Getting Ready for School

Last year the city launched “City’s First Readers,” a program composed of eight organizations that share the collective goal of better preparing children under 6—and especially those from low-income families—for school. Though a few of the programs send specialists to child care centers, most see working with kids and parents together as central to their mission, aiming to increase both the quality and quantity of their interactions.  In June, "City's First Readers" received an endorsement from the American Academy of Pediatrics.

The program reached 200,000 families in Fiscal Year 2015 and is slated to receive a renewed commitment of $1.5 million from the City Council in the current Fiscal Year.

“It’s a program designed to help parents and caregivers be their child’s first teachers,” says Daniel Nkansah, the coordinator of children's services for the Queens Library system, which is a participant of City’s First Readers. “Most immigrant parents have told us they want to get their child ready for school but they don't know how. They don't know that reading and things they can do at home will lay the foundation for school.” 

It’s a back and forth where the child has heard more words and also has practiced how to use them. If you come to class without those language skills, you are likely to be less comfortable trying.

Nkansah’s program engages families at libraries with cozy, inviting areas for parents and babies to read and play together and workshops where mothers new to the country can pick up English as they receive specific instruction on how to read to toddlers and preschoolers in ways that encourage them to ask and answer questions—skills important to school success. Two other “First Reader” programs reach families during routine pediatric exams. 

The most intensive program under the City’s First Readers umbrella is the national research-based Parent-Child Home Program. It sends literacy paraprofessionals directly into families' homes for 30 minutes two times a week over a two-year period. Bearing books, toys and games, these home visitors model for parents how to read, play, and converse with young kids in ways that get them talking.

"It's all about not only using quality language and asking open-ended questions when you're reading a book and engaged in a game, but also about using positive language instead of negative,” explains Sarah Walzer, the program’s CEO. “It’s a back and forth where the child has heard more words and also has practiced how to use them. If you come to class without those language skills, you are likely to be less comfortable trying.”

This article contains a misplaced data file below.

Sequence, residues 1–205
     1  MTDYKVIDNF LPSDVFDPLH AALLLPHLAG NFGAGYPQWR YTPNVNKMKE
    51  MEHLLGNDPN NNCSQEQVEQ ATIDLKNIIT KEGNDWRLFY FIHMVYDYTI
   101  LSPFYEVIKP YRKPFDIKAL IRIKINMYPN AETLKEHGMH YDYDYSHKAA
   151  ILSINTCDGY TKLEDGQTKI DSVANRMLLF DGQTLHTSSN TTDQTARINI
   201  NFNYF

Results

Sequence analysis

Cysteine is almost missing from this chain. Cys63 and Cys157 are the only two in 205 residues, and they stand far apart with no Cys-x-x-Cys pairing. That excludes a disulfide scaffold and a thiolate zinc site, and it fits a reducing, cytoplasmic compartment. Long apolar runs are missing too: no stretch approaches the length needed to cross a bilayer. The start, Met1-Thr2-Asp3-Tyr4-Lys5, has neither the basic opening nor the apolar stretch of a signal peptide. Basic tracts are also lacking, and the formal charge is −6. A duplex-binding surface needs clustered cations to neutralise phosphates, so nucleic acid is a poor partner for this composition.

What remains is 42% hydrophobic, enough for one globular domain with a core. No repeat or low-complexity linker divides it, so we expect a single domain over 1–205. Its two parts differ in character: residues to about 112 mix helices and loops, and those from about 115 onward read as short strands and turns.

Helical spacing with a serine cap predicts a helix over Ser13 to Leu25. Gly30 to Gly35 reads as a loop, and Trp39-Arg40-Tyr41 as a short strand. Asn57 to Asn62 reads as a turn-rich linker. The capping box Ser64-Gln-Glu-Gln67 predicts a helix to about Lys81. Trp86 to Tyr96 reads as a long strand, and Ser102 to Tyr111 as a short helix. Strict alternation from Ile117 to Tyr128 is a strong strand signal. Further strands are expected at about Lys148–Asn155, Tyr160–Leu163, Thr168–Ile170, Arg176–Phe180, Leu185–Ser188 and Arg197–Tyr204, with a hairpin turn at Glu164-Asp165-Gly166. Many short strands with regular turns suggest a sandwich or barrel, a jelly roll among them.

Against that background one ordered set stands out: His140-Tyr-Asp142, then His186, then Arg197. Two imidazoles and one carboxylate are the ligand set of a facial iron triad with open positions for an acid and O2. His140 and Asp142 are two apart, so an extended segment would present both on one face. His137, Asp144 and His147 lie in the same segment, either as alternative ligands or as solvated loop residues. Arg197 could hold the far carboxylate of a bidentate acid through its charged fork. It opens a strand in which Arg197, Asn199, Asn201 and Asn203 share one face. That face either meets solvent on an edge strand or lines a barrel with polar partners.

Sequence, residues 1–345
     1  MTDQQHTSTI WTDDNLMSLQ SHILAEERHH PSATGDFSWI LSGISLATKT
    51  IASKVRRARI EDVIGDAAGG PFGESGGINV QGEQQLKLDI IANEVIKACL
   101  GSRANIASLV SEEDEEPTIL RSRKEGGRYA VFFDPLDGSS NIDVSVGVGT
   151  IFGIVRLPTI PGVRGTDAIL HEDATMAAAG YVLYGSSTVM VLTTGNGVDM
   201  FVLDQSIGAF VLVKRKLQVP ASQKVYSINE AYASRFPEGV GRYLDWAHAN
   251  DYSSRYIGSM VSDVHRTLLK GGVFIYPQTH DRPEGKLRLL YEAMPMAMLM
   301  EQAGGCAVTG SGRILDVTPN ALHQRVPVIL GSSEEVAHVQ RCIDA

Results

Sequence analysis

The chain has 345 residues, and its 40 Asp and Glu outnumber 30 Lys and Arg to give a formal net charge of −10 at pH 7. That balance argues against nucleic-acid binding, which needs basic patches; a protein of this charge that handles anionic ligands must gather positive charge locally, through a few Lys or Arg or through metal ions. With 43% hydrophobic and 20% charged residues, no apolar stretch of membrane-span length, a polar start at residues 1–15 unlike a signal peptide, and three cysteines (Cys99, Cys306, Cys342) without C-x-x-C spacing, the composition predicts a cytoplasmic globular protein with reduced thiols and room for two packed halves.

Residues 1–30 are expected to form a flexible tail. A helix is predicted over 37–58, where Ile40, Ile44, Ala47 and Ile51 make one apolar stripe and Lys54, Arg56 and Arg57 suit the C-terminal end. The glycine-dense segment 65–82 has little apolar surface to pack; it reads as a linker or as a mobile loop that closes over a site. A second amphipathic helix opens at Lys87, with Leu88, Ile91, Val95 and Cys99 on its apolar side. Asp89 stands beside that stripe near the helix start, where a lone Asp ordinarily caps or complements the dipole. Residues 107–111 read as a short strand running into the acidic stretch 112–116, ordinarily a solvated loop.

Critical to the program’s success is that home visitors speak the same language and are typically from the same neighborhoods and communities as the families they visit—something that studies suggest may be key to establishing trust with families who are isolated and wary of anyone resembling a social worker. 

"Their lives are hard and chaotic and they’re struggling just to keep a roof over their child’s head and food on the table and to keep their kids safe," says Walzer. "This positive interaction and happy bonding with their child is something that sometimes they just don’t have time and the emotional bandwidth to do." 

One study found that children in the program who were at higher risk of being unprepared for school than a comparison group had caught up on social-emotional and early literacy skills by kindergarten.

Another study suggested that young adults who had who completed the program as toddlers were less likely to have dropped out of school and more likely to have graduated from high school than young men and women in a control group.

Walzer says she has seen the ripple effect of a harried mom spending just a half-hour a day of fun learning with her kids. When a child learns how to, say, recite Brown Bear, Brown Bear, What Do You See? or recognize colors, parents "feel a sense of agency because they understand that they’re the person who makes that happen. It's not the home visitor coming in twice a week, it's them riding the bus and going to the grocery store with their child, and talking about what they're seeing, and it's a wonderful thing," she says. "You see this amazing change in your child that lights up parents and kind of inspires them to do more." 

Find more information about "City's First Readers" here.